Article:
Electric Vehicle Depreciation – The Hidden Cost of EV Ownership

The future of the automobile is almost inevitably in electricity, we’re all aware of that. Much of the population will be switching to fully-electric cars over the next two decades.

Like the Internal Combustion Engine (ICE) cars they will replace, Electric Cars (EV) come with their own potential cons. The limited range immediately springs to mind, as do the long charging times.

The range and charging times have improved immensely over the past few years and will certainly improve further over time with technological advances. However, there are certain aspects of electric cars we overlook and rarely address. One of the biggest is depreciation.

Do Electric Vehicles Depreciate Faster than ICE Vehicles?

A 2017 publication from the AAA federation of motor clubs took a look at the difference in depreciation between ICE vehicles, hybrids, and electric vehicles, averaging the amount of depreciation over the first five years if one drives 75,000 miles:



A standard Internal Combustion Engine sedan such as the Chevrolet Cruze depreciates an average of $2,114 per year.



A hybrid vehicle such as the Ford Fusion Hybrid depreciates an average of $3,301 per year.



An electric car such as the Fiat 500e depreciates an average of $5,704 per year.

Electric cars depreciate over two times faster than their internal combustion engine counterparts, a serious black mark when it comes to tallying up your actual yearly cost to run your vehicle!

Why Do Electric Vehicles Depreciate Faster?

Initial High Price

New electric vehicles are still expensive. Tesla’s latest Model 3 comes in at $30,000 for the base version. That’s not a lot of money if you compare it to the $100,000 Model S, but it’s still a considerable amount considering that for the same price you can get a fully decked-out 2018 Ford Focus, an Accord, or even something like a V6 Camaro.

The higher you are, the more it’s going to hurt when you fall. That holds true for cars as well. The more expensive the car is new, the more it’s going to depreciate after just a couple of months or years. All high-end luxury or sports cars suffer from the same thing, except for a few exotics and classics.

No Tax Incentives on a Used Electric Vehicle Purchase

To offset the initial high cost and incentivize the purchase of environmentally-friendly vehicles, various federal and state tax credits sweeten the deal. Markedly, there’s the Internal Revenue Service tax credit of up to $7,500 for the purchase of a new electric vehicle.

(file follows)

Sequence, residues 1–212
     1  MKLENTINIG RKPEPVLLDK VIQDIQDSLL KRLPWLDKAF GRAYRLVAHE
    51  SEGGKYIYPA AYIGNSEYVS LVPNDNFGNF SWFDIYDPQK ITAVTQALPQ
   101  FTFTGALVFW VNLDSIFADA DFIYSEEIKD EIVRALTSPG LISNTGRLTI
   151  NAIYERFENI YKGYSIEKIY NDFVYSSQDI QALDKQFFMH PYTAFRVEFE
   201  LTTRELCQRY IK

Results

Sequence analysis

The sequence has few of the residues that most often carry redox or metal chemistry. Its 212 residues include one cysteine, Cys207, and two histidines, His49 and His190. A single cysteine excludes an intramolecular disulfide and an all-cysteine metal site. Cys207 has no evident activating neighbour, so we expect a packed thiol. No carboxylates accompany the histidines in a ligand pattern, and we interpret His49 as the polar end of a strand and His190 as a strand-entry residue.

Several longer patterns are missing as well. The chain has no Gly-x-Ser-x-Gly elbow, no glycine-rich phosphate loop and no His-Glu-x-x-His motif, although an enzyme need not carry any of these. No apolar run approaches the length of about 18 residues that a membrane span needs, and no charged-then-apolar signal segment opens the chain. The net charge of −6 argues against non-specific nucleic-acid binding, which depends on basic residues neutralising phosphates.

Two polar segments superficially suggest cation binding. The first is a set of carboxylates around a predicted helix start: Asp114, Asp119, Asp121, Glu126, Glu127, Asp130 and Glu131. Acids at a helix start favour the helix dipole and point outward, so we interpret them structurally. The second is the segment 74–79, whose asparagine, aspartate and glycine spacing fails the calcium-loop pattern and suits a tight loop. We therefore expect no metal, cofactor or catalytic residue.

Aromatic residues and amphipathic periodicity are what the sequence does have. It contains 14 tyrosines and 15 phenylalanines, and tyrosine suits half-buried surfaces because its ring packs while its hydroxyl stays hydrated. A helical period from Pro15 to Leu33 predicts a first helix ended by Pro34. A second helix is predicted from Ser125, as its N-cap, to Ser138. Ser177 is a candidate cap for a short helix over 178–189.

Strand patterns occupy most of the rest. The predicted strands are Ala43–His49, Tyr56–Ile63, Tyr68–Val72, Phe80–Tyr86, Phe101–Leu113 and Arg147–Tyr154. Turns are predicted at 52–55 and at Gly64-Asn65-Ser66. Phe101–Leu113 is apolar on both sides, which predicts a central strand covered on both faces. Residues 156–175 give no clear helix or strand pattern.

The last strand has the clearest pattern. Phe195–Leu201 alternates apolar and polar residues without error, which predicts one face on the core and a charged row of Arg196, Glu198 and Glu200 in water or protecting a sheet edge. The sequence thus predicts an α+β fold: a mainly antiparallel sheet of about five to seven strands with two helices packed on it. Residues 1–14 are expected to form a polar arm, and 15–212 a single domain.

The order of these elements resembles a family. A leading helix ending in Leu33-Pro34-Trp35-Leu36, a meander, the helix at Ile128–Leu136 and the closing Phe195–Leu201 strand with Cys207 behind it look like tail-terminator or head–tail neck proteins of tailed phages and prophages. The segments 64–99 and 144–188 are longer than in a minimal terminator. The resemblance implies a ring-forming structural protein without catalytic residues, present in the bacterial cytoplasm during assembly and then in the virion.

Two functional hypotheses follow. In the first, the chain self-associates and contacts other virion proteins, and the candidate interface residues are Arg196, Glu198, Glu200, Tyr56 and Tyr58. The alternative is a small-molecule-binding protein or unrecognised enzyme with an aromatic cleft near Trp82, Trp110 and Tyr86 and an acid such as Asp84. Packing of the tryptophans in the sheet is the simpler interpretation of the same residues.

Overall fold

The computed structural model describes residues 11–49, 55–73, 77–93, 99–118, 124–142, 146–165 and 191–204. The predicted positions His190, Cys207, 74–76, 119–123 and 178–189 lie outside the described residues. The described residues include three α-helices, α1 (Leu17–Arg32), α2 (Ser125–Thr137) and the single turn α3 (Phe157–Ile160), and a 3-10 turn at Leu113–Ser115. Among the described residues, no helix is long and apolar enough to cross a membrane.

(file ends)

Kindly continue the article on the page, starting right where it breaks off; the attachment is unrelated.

This incentive may end up being phased out sooner rather than later in the U.S. as some senators continue to push for its removal. 

However, there is no tax incentive for the purchase of a used electric vehicle, so the used electric car buyer needs to factor that into the price he or she is willing to pay. This means the dollar value of the tax incentive is absorbed by the first owner over the course of his or her ownership in the form of depreciation.

Fear of the Unknown

Electric Vehicles bring with them a different set of mechanical problems and issues which could potentially appear when the car reaches a certain age.

A normal car requires constant maintenance – oil changes, filter changes, etc. An electric car doesn’t have to deal with the same issues so may require less maintenance but electric vehicles haven’t been on the roads for long enough for us to truly have a good sample size.

Once the battery is dead, for example, you have to replace it, and there’s no alternative. When you find out that a new battery can cost several thousands of dollars, that $100 oil change you have to do once a year on a standard car may seem cheap.

As an electric vehicle reaches the end of its battery life cycle, its value will drop substantially because the new owner is aware he’ll have to replace it relatively soon. A study conducted by Plug-In America found that after 100,000 miles batteries can only hold around 80% of their original capacity. This means that you can expect the range to diminish by 20%, something which will never happen in an ICE car with a fuel tank.

Electric vehicles usually have robust 10-year warranties for their batteries, but there’s at least a fear that buying a used electric vehicle could mean buying something that will be quickly obsolete. This turns off buyers and contributes to a lower resale value and therefore helps drive depreciation.

Do the Pros outweigh the cons?

We all want to be cognizant of the impact our habits have on the environment. Choosing an electric vehicle is a great choice if you want to cut your oil use and still have an exceptional driving experience. You should factor in the high cost of depreciation when considering how much an electric vehicle will save you in yearly running costs, but for some, the pros may outweigh the cons.

Would you drive an electric car? Let us know!

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